The president’s main topic was economic regulation and his role model was Roosevelt, not Franklin Delano but Theodore, the Progressive Republican president who attacked big business and asked for more government regulation.
President Obama symbolically gave his speech in Osawatomie, Kansas, the small town where Theodore Roosevelt gave his New Nationalism speech over a hundred years ago.
Invoking a Republican president was a clever move - it adds credibility to his claim of rising above partisan politics. (The Economist).
The most interesting part, however, was not the symbolic historical context but the crafting of the speech itself.
First, it conveyed a classic opposition between BIG (banks, factories, monopolies) and SMALL (farmers, children, innocent, hard-working Americans, women / unemployed / elderly / people with disabilities), and between the FEW (wealthy, greed, 1%) and the MANY (the middle-class). Such a systematic opposition would not fly well in American discourse for its smacks of class warfare - which the president denied doing - if it was not framed in a way that can be accepted by an American audience. So at the core of the president’s speech lie some distinct traditional American core beliefs: the American Dream, American Exceptionalism and a strong sense of community spirit.
In order to achieve this successfully, the speech relied on two powerful metaphors often used in political rhetoric: a BUILDING and a GAME metaphor.
The main advantage of these metaphors is that they imply the participation of several people (a community) and work nicely for a good understanding of national unity for a common purpose. It also conveys the need for rules (i.e. regulation) in a non threatening way by emphasizing on the notion of fairness and justice. You need order and rules to pay a game and you need a blueprint to build something.
THE BUILDING METAPHOR
-The BUILDING metaphor can be used for positive or negative assessments depending on whether the foundations are morally good or bad. The economy can be “a house of cards”, a “business model built on breaking the law, cheating customers, and making risky bets” or on bubbles and financial speculation, or it can be “built to last”, “on the idea of broad-based prosperity, of strong consumers all across the country.”. It can apply for the middle-class (“rebuilding the middle class “), or for the entire nation (“how America was built”, “investments that built this country”). It can also be used literally to talk about the nation’s infrastructure (“investments that built this country”).
THE GAME METAPHOR
In a similar way, the GAME metaphor is used for positive or negative evaluation: the system in Washington “can be rigged” or used by “the highest bidder”, but everyone knows that it is morally wrong “when everybody is left to fend for themselves and play by their own rules.”. So what naturally follows is the need for rules (i.e. regulation) so that “everyone plays by the same rules.” because rules are morally good ("They want to have rules in place that don't put them at a disadvantage for doing the right thing",). A game can also be inclusive when “the playing field is larger”; “everyone plays by the same rules, from Wall Street to Main Street.”)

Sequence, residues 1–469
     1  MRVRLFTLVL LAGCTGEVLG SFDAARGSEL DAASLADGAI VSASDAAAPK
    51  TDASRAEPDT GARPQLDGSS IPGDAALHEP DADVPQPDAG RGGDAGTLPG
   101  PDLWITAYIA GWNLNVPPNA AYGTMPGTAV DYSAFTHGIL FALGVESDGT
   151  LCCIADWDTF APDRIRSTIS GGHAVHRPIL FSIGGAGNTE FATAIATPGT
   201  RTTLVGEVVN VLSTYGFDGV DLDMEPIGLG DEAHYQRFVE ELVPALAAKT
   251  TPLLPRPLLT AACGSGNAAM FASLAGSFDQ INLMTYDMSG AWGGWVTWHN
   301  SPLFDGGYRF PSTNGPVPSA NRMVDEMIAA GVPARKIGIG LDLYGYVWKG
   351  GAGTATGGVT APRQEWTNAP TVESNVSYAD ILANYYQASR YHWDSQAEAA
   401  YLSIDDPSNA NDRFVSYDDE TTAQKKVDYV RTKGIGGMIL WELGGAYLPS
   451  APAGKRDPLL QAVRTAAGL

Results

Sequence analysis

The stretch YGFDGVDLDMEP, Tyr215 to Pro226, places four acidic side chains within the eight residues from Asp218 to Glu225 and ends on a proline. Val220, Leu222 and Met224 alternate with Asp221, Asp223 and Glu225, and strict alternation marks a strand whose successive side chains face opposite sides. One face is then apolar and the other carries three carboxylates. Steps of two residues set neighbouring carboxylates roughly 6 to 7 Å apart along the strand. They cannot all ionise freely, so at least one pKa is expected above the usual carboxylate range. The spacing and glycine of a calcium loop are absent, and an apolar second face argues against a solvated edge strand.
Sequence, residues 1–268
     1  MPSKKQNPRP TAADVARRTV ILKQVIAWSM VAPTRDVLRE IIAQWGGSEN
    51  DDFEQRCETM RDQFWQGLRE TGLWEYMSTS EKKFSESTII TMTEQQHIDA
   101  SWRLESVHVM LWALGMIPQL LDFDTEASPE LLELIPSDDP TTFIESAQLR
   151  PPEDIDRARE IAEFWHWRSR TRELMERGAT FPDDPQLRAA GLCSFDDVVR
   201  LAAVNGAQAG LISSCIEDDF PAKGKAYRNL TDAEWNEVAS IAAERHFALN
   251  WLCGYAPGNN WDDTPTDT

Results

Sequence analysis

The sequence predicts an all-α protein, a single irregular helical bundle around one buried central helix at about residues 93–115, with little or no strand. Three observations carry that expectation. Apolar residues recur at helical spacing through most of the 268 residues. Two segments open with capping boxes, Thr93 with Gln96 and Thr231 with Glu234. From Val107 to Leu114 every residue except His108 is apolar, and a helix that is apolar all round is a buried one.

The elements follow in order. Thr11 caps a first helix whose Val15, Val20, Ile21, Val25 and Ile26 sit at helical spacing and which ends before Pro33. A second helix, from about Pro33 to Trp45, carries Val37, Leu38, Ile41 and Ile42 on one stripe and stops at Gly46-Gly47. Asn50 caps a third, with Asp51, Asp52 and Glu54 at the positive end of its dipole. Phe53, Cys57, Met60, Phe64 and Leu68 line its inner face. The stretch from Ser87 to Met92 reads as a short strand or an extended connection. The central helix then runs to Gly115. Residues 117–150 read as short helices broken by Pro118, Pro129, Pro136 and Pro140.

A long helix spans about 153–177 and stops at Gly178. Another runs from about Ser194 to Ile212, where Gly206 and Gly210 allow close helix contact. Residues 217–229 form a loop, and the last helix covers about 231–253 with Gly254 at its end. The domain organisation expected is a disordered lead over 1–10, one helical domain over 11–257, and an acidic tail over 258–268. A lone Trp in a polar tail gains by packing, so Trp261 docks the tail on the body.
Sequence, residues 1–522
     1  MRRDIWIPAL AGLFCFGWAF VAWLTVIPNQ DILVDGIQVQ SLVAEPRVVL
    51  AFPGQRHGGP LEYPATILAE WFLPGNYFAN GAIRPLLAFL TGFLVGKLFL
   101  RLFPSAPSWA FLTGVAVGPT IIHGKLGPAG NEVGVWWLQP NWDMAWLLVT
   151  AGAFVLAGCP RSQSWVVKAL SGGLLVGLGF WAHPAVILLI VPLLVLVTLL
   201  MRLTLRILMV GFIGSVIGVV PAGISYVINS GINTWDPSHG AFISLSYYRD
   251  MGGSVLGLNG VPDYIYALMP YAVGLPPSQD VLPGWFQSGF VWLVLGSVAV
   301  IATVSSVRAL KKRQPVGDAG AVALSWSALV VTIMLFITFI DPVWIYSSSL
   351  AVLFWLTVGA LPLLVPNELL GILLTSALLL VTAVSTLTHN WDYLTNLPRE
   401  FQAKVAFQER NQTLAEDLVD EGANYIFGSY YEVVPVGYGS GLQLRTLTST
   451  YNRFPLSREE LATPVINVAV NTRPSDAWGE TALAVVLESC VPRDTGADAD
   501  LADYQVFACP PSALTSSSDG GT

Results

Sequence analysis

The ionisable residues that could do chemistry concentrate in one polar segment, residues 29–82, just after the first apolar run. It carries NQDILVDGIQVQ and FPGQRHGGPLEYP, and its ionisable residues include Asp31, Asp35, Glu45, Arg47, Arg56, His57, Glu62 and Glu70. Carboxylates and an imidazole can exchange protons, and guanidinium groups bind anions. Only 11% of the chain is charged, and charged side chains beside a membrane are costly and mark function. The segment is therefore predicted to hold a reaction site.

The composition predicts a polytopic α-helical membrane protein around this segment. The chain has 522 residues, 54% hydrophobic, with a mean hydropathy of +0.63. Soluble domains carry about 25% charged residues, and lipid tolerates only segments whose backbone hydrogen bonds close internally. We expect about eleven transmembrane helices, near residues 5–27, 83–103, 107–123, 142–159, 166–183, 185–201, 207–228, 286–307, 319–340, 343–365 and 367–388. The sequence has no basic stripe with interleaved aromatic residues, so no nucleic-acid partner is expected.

The GAME metaphor is thus closely associated to the idea of FAIRNESS and JUSTICE, with the underlying image of BALANCE. This allows Obama to take a moral stance on inequality and unfairness. The GAME metaphor also plays well with the American belief that LIFE IS A RACE. (“The race we want to win, the race we can win is a race”). But here too, it is not any race, it is the “race to the top”, as opposed to “the race to the bottom” (a race for lower wages for instance) since good is UP and bad is DOWN (see conceptual metaphor theory, Lakoff). This fist well the classical social ladder metaphor (“the rungs on the ladder of opportunity have grown farther and farther apart, and the middle class has shrunk”).This is even more clearly illustrated by the final sentence of the speech : "I believe America is on the way up."
The emphasis on community is further exemplified by a call for bipartisanship (“a vision that's been embraced in the past by people of both parties for more than 200 years“), through the evocation of historical political figures from both parties - not only Theodore Roosevelt, but also F.D. Roosevelt and Dwight Eisenhower. A sense of national unity is also rendered by trying to 'bridge the gap' between “Main Street and Wall Street” by using positive image of wealthy figures (Henry ford, Warren Buffet or “Andy Grove, the legendary former CEO of Intel”) as well as corporations praised for their responsible attitude (‘Big Three auto companies”) or by linking CEOs to local communities, particularly small Town America:
“For the CEO of Marvin's, it's about the community. He said: ‘These are people we went to school with. We go to church with them. We see them in the same restaurants. Indeed, a lot of us have married local girls and boys’.”
Obama frames the argument by appealing to American pragmatism, claiming that the trickle-down theory has been tried before but history shows “It has never worked”. Yet, at the same time, he acknowledges that “rugged individualism” and “healthy skepticism of too much government “ is part America’s ‘natural’ identity, making it even part of “America’s DNA”. One might draw from this an opposition between nature and culture. But more importantly, it implies some (protestant) belief in the deterministic nature of the American identity. It is something determined by nature, or determined by logic. The rationale for regulation is not simply that it is morally right, but it is also (and foremost) that it makes economic sense: “That is not politics. That's just math”. Henry Ford is praised for his pragmatic approach: “Henry Ford made it his mission to pay his workers enough so that they could buy the cars he made”